The single best way to get better at accepting criticism is to surround yourself with people who are smarter than you. If you ever think that you are the smartest person in the room, then you need to move. This semester, I have been fortunate to work as an undergrad in a research lab with a number of grad students with much more experience than me. At first, I tried to keep quiet out of fear of being exposed as naive, but eventually I gained the confidence to speak up after I saw even the post-docs were routinely corrected. Soon, I was benefiting enormously from the: make a mistake — receive constructive feedback — improve methods cycle. I have come to embrace the limits of my knowledge and I try to learn as much as possible from the previous experiences of others. In particular, I enjoy receiving feedback from one post-doc who is well, a little blunt in her criticism. At first, her style was off-putting, but once I realized she was only trying to help, I started to seek out her opinions. Now, I often send her my work with the explicit instructions to be as harsh as possible, an assignment in which she takes particular delight. This technique of intentionally opening yourself up to recurring criticism now even has a name: “rejection therapy,” which falls under the general psychological principle of classical conditioning. The idea is that by repeatedly exposing ourselves to failure on purpose, we can start to view failures as a normal course of life and not disastrous setbacks. As society is becoming more failure-averse, there is a growing recognition of the need for making constructive mistakes. To be better receivers of criticism we need to shift our view of mistakes from entirely negative, to frustrating in the short-term, but a long term positive investment.
The other half of addressing the criticism decline is learning how to give constructive feedback. There are any number of ways to tell someone they are incorrect, from the straight-up “that’s wrong” to the round-about “well, maybe, perhaps you don’t quite have everything quite right.” The correct method of delivery depends on the audience and sometimes it’s necessary to know when to exercise restraint. A recent situation presented me with a conundrum that I am still not sure I correctly resolved. I was at a talk by a Google employee on the subject of impostor syndrome, where you finally get that dream position, but then feel like you really don’t belong and that at any time, someone might point it out. This is a serious subject that prevents many people who are underrepresented in a field from even trying to get a position because they feel as if they won’t be accepted. The presenter shared several methods for overcoming impostor syndrome which she said had worked for her. One of these was “power poses”, or the idea that you gain confidence by adopting certain stances such as standing with your hands on your hips at a meeting. The beneficial effects of power poses had been written up in a journal article and one of the authors had given a TED talk which has since been viewed almost 45 million times. However, I had recently read an article from another of the original authors who took back all the results of the study and said that she did not believe power poses actually work. Further studies had also failed to prove any benefits to “power poses.” The presenter mentioned the original journal article as proof these poses worked, and I was faced with the question of whether or not to interrupt her and point out the flaws in the study and the debate over the results. In the end, I decided not to because I thought it would distract from her main message. After the talk I went to the presenter and told her about the recent developments concerning the study. We ended up having a good discussion on the reproducibility crisis in the social sciences (about 40% of study results cannot be replicated), and I thought I handled the situation well. However, I still wonder if I should have pointed out the debate over the study so everyone in the audience could hear the entire story.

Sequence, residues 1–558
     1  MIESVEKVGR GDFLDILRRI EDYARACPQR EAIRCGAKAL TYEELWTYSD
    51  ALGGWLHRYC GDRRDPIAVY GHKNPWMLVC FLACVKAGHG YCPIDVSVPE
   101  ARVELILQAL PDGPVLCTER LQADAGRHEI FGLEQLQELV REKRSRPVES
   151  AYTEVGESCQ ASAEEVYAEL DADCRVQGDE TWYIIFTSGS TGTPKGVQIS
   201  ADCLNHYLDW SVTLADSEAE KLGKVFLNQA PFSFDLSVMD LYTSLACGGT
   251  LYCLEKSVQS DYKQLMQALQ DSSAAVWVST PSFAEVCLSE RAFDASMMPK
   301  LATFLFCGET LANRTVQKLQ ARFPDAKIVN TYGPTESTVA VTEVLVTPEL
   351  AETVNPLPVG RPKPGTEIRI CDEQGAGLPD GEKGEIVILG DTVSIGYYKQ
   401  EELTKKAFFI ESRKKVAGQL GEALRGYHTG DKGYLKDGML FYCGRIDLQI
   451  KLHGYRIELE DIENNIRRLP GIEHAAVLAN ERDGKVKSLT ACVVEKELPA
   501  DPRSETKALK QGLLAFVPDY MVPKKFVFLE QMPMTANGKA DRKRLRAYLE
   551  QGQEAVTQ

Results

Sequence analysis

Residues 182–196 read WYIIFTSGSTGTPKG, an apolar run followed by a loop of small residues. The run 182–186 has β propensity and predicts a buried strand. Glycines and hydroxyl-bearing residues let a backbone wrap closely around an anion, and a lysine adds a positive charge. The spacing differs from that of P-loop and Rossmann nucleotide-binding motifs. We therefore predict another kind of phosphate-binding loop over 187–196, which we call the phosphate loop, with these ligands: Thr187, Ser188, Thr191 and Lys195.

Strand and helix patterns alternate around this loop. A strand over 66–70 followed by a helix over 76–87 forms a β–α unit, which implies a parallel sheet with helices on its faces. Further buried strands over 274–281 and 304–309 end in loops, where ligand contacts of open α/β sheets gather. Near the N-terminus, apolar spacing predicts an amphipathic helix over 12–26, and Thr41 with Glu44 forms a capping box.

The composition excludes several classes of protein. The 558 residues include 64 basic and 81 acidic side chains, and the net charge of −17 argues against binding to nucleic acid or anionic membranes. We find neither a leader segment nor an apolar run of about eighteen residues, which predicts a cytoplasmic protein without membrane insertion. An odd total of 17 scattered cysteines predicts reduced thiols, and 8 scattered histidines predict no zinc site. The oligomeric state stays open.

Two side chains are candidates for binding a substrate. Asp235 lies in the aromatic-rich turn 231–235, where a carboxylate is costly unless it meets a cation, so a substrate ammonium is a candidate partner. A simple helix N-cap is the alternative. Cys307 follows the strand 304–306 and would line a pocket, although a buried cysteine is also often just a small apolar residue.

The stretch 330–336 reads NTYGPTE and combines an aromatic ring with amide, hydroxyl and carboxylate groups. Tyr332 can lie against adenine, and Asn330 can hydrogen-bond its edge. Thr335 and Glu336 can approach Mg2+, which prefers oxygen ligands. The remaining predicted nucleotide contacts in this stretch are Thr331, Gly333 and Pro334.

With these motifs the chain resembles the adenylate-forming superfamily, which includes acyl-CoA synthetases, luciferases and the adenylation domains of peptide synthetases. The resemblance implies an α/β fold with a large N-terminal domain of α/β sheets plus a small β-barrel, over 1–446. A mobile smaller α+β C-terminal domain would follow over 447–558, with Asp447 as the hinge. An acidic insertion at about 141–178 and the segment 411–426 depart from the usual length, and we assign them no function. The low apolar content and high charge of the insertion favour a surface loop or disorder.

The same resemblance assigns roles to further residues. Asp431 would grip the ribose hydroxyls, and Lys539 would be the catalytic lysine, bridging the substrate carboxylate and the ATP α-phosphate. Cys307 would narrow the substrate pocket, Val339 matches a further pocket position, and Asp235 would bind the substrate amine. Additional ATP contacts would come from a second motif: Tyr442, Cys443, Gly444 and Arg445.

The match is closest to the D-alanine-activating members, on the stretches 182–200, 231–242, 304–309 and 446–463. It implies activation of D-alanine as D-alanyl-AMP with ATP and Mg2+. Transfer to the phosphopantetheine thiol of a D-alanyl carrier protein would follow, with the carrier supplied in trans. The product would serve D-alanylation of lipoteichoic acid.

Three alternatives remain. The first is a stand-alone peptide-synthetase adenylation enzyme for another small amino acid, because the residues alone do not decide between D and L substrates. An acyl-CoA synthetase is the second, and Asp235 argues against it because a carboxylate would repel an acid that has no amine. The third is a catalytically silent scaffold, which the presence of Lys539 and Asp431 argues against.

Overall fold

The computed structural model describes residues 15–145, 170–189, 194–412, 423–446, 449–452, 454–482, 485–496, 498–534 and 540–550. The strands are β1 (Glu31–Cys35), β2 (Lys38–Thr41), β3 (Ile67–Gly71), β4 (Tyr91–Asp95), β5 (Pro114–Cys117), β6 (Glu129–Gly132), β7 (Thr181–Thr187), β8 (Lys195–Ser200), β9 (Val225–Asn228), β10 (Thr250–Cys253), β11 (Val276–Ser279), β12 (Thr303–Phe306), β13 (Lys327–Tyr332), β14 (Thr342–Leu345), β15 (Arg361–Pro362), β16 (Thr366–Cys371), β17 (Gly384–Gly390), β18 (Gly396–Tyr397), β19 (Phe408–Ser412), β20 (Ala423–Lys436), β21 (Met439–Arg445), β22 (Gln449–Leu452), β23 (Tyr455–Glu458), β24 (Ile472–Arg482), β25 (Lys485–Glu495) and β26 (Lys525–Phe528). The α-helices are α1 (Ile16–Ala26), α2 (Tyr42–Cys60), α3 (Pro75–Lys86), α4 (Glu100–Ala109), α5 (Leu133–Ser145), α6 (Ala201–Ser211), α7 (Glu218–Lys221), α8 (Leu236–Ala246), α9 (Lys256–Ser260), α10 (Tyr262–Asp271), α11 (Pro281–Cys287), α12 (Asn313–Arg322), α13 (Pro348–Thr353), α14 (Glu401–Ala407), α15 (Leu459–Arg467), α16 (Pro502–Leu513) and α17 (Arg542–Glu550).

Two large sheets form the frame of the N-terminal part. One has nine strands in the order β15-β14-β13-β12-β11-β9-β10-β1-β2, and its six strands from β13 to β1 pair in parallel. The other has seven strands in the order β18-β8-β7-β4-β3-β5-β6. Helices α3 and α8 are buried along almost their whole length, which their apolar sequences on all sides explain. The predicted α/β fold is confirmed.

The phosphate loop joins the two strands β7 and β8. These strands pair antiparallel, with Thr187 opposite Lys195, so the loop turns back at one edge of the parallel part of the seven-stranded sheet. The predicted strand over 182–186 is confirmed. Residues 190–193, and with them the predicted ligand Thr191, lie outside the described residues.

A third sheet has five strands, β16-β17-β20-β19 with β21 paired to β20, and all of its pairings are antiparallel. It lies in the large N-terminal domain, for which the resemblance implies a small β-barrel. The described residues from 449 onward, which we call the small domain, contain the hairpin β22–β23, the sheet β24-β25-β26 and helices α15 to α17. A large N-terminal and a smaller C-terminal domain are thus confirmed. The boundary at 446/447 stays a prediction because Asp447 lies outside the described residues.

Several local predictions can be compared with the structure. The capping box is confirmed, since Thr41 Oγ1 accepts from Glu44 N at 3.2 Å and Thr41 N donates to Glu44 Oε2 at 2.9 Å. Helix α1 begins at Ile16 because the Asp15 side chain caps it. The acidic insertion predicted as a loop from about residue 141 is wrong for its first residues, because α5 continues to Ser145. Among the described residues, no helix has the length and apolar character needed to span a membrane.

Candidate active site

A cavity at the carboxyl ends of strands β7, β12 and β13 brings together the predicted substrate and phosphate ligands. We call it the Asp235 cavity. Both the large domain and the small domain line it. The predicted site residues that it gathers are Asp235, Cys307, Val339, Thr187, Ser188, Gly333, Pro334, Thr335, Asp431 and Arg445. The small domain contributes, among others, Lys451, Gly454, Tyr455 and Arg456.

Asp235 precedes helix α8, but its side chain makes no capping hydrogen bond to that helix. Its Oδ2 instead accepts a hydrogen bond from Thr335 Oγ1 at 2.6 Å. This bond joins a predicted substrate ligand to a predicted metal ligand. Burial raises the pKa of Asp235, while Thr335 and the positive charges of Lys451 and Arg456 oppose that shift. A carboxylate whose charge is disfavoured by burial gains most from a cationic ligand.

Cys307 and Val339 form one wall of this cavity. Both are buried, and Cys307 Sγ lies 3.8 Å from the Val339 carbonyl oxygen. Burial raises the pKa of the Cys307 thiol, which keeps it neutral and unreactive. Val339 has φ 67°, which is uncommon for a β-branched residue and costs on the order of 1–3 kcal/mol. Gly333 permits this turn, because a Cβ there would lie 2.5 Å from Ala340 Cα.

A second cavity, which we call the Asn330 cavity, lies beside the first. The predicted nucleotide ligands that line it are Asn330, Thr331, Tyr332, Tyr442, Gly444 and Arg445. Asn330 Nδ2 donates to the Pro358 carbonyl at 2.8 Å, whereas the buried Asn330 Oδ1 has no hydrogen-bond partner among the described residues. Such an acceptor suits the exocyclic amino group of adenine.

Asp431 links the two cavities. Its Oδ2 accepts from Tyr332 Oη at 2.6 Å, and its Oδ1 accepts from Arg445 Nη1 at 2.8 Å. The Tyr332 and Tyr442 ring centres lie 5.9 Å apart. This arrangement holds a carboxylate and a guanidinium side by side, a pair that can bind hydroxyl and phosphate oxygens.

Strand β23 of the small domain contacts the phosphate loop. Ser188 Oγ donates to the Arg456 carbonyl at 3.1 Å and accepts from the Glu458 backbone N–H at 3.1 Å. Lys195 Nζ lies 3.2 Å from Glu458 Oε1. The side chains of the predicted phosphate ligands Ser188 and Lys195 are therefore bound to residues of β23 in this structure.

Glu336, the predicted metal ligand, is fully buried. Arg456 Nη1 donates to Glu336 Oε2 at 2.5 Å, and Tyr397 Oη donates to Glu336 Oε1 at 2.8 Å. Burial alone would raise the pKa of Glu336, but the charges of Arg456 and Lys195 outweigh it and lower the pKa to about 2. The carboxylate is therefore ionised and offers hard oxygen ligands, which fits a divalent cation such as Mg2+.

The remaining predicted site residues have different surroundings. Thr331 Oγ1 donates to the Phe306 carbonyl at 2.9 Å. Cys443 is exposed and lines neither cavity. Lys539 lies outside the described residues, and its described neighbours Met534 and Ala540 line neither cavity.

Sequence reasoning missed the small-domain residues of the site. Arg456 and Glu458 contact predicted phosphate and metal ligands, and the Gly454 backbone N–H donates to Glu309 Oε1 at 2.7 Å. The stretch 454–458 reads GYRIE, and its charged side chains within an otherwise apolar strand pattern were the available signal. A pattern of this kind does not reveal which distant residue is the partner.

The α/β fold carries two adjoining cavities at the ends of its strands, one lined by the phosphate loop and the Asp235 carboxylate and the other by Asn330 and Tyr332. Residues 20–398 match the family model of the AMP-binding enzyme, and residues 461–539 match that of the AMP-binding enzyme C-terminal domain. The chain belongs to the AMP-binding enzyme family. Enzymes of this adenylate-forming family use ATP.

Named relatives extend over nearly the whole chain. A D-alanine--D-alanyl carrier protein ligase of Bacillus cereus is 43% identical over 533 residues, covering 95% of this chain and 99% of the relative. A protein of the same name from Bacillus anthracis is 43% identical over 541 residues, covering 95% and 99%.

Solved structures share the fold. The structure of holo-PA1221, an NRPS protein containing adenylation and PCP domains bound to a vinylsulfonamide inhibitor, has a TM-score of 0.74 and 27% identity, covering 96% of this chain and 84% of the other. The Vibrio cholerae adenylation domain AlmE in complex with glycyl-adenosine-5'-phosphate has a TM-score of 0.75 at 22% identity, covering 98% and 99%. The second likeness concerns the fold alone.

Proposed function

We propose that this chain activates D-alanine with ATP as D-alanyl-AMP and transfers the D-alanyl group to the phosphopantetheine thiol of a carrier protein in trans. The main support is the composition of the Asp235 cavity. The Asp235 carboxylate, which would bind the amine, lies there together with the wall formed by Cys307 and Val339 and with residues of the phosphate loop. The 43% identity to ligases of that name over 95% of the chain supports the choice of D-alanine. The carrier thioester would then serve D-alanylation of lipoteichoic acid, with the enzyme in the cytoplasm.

I am not making an argument for seeking out as many opportunities as possible to tell people they are wrong. However, when you encounter an obvious false statement or inefficient solution to a problem, feel free to speak up. Don’t be afraid to be that disruptive person at a meeting, because you may prevent the next Gulf of Mexico oil spill, or find a way to make a process twice as efficient. In the end, remember both when receiving and giving criticism, it is always the idea and not the person that is incorrect. Disagreements lead to far more progress than mindless acceptance of the status quo, and people are often willing to change their methods if you will have a reasoned discussion with them. Learn to associate criticism not with negativity, but with an opportunity for improvement and start to enjoy the benefits of shared knowledge and experiences. In that spirit, if anything I have written in this post, or any other post, or anything I say in real-life is wrong, do me a favor and let me know!